AGW/CC has become an industry for power and graft, as well as a political cult, that’s too big to fail. I’m looking forward to how these grifters transition back to peddling “anthropogenic” cooling (like they did in the Seventies), given that the 400K year Antarctic ice core temperature record clearly shows that we’re at the bitter end of the latest inter-glacial period, and add the latest solar minimum, which looks to be a combination of a number of solar cycles that may very well lead to vastly reduced output, all of which our climate “scientists” completely ignore due to their inconvenience.

    • Windchaser says:

      “all of which our climate “scientists” completely ignore due to their inconvenience.”

      Eh? Read the scientific literature. They ignore neither of those. They’ve looked at each of them, extensively and in detail. I can point you to multiple papers examining how much CO2 we’d have to have in the atmosphere in order to avoid slipping back into the next glacial period.

      Scientists didn’t ignore these questions. They simply found that, when you crunch the numbers, the warming effects of CO2 outweigh the cooling effects of this orbital cycle or of a period with cooler solar irradiance.

      If you have calculations of your own that show that these will dominate over the warming effects of CO2, by all means, please present them. But… it kinda sounds like you’re not keeping up-to-date with what the science already is, much less doing calculations of your own.

  13. CMay says:


    Even though there is no future in it I decided to analyze the H3 data that I had that goes back to 2013 which is before the big El Nino of 2016.

    I used the solution that I already had for the latest H4 data just to see if that would produce acceptable results.

    I am pleased. The solution is made up of 107 cycles.

    There are a few things worth noting in this figure. Dr. Curry and Dr. Lindzen have mentioned the warming from 1910 to 1945 and the warming from the 1970s until around 2000 as being roughly the same. This figure explains it. The 209-year cycle was split by the 67-year cycle. BTW, it also gave us Leonard Nimoy and “In Search of The Coming Ice Age.”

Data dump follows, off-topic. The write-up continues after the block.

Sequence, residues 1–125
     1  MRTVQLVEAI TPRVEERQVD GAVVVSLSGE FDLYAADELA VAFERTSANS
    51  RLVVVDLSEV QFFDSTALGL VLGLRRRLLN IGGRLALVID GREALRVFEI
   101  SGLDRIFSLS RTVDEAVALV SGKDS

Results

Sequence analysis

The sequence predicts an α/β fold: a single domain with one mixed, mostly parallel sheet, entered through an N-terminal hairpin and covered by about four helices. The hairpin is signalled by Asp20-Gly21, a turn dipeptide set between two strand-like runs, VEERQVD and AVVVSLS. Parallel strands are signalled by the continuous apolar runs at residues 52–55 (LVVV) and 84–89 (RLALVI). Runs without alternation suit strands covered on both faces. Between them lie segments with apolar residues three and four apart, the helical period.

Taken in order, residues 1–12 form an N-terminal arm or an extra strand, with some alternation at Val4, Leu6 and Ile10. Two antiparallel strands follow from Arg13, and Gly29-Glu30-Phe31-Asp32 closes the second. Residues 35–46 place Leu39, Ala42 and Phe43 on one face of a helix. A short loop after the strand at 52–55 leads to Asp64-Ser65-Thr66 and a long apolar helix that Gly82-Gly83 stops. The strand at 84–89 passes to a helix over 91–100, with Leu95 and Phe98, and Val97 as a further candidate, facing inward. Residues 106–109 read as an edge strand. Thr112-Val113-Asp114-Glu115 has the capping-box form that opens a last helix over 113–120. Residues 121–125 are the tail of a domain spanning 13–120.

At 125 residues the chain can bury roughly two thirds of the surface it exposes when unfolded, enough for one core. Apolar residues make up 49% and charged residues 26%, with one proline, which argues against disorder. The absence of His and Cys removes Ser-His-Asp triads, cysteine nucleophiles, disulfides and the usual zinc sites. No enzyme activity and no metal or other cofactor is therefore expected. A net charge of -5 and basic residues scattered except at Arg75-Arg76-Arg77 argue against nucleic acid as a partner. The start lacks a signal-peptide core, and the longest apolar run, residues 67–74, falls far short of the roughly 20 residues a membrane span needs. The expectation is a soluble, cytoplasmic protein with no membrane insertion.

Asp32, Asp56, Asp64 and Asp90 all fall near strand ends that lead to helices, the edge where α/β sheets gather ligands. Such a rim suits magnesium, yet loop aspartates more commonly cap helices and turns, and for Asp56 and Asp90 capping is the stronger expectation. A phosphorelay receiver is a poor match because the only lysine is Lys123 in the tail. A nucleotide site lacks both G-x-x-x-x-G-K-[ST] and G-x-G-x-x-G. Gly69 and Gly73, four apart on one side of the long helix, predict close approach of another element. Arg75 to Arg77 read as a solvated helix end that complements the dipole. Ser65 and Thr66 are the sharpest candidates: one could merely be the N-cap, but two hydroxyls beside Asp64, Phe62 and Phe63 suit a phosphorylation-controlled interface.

The next figure highlights the fact that the slope of the pause line is negative for these data. The El Nino of 16 changed all this.

    The next figure gives you the whole story until 2100.

    BTW, I have other data that shows something quite similar. I did an analysis of the PSMSL tide measurements and it is showing a downward trend in sea level rise will happen shortly. It looks like the 209-year cycle will be responsible.

    How do the climate models compare with the measured data? Quite frankly they all suck except for low values of ECS. The internet seems to keep championing the IPCC worst case scenario even though it is terrible/ How can you create an urgent need for political action with a low value of ECS?

    I hope this helps somebody. I have put a lot of effort into it. What I have for the H4 data looks like what you see here.

    • Windchaser says:

      As somebody’s who done quite a bit of Fourier analysis myself, how are you not sure you’re just curve-fitting?

      • CMay says:

        I too have long experience with FFTs. I can remember the first desktop analyzer, the Nicolet 444.

        We used it on rotating equipment and with the goal being to reduce the vibration of the equipment. I have 35 years of experience in this. I can’t recall a single time where a frequency with a S/N ratio that was identified was false. This is not curve fitting.

        • Windchaser says:

          This is not a system where the output (climate) is expected to be caused mainly by periodic forcings. That may’ve been the case for the output (vibrations) in your work, caused by your periodic input (rotations within the equipment). But climate is a very physically-different system, dominated by non-periodic forcings and stochastic events.

          While I admire your long experience with the subject, this still warrants a statistical analysis. Going with your gut is not enough; it’s not scientific.

          The beautiful – and dangerous – thing about Fourier analysis is that you can fit any smooth function to the sum of the harmonics. That doesn’t imply that the harmonics have explanatory power.

          • CMay says:

            I am going to respectfully disagree with you. In reading you first paragraph some of what you say is conjecture. You used the word expected. That must be proven too.

            Perhaps, the best way to answer this is that I read Dr. Curry’s posts. She continues to maintain that climate models must account for natural variability. In a manner that is what I think I have done.